Some of us have never had the opportunity to drive around with thousands of dollars on us at one time, or tens of thousands of dollars.
But there are some who have.
The individual who is traveling overseas to get started on opening up a dream business. Or someone who is coming from the casino who just hit the jackpot. An individual might have just made a sale to someone for a large item and are heading home with the cash on them. There are thousands of reasons why someone could have a great sum of cash on them and they shouldn't have to explain themselves to anyone if they haven't done anything wrong. Simply having the money itself isn't a crime.
Still, thousands of people are stolen from across the United States in a practice called civil asset forfeiture. This has meant that some have had their life savings taken away, and dreams crashed, by agents working under arguably corrupt and unconstitutional legislation that has victimized too many for too long in the United States.
Many of those who have fought back have been successful.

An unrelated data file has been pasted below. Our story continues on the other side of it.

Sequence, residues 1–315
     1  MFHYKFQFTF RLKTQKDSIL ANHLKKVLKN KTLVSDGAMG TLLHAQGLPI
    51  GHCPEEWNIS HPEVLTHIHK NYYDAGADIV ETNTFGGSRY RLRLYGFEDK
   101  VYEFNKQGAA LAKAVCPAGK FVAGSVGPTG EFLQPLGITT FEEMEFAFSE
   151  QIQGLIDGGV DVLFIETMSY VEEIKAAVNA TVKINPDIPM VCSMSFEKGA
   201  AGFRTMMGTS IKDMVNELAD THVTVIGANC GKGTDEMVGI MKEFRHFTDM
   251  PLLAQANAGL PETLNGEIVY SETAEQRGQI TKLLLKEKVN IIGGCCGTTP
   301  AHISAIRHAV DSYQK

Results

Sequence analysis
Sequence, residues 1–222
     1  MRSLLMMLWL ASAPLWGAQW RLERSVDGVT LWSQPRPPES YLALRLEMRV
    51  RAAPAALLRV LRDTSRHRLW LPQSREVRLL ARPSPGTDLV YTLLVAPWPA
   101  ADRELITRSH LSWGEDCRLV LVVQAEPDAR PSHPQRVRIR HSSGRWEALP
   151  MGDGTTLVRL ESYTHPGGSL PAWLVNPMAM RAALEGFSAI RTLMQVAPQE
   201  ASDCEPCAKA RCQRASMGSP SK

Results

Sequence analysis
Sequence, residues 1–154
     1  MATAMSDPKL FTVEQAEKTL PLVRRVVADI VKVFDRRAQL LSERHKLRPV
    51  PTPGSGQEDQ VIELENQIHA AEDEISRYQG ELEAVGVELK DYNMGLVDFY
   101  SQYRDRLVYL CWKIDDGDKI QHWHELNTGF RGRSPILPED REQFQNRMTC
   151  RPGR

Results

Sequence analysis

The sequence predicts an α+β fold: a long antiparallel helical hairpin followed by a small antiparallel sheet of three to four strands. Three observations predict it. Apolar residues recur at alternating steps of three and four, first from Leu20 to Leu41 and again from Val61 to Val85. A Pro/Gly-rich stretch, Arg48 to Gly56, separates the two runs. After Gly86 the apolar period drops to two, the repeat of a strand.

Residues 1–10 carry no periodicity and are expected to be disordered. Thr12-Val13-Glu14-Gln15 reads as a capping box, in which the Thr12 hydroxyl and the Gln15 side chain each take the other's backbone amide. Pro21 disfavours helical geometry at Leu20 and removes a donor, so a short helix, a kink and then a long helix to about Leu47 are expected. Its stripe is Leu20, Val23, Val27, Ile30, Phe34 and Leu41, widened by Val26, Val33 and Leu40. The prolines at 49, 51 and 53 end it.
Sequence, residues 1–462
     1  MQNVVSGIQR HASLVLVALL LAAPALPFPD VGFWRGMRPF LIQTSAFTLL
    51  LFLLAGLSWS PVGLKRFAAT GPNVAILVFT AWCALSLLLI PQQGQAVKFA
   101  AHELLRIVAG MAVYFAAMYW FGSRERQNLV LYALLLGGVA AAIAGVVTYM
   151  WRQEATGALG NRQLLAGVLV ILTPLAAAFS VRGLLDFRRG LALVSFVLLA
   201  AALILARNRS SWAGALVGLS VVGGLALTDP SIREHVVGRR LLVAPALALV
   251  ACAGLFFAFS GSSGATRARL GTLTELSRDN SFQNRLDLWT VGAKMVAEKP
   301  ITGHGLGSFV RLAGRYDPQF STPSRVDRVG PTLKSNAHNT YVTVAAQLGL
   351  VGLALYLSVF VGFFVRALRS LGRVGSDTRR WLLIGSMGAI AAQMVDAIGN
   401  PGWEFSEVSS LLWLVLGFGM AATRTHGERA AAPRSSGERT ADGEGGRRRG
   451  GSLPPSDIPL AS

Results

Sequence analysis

They were successful in getting their things back because it turns out that the state had no right to take it in the first place. According to the constitution, they cannot steal your property from you when you've done nothing wrong; you're innocent until proven guilty.
But under civil asset forfeiture things don't work that way, and the property is taken until you can prove your innocence and most people cannot endure that fight against the government.
There are few working behind the scenes today to help those who have been victimized under this corrupt legislation and it is because of their efforts that the wrongdoings can to some extent try to be set right, victims given back what is rightfully theirs.
Altogether these agencies in the country have confiscated billions of dollars in assets from the public and this legislation is a direct attack on the natural rights and individual liberties of all, because it can impact anyone even if they haven't done anything to deserve the incident in the first place.
The more that people can become educated on the theft that has been ongoing, and learn about the confiscation of the money that has contributed to no significant impact on addressing the war on drugs, the quicker they can move to put pressure on changing things as they are. But it isn't going to come quick. More victims will come in the meantime, arguably being robbed on highways across the country by agents of the state. Many of those victims will never have been charged and convicted of any wrongdoing in the process as reason for that theft.